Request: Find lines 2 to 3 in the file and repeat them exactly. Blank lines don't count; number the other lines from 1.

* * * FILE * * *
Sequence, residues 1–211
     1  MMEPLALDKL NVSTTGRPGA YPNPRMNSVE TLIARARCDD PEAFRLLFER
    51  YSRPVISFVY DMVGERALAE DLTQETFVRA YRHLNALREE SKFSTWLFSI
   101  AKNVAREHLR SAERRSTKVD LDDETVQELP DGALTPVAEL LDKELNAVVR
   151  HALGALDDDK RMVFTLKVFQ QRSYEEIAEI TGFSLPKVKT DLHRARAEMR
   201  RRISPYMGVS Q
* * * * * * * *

     1  MMEPLALDKL NVSTTGRPGA YPNPRMNSVE TLIARARCDD PEAFRLLFER
    51  YSRPVISFVY DMVGERALAE DLTQETFVRA YRHLNALREE SKFSTWLFSI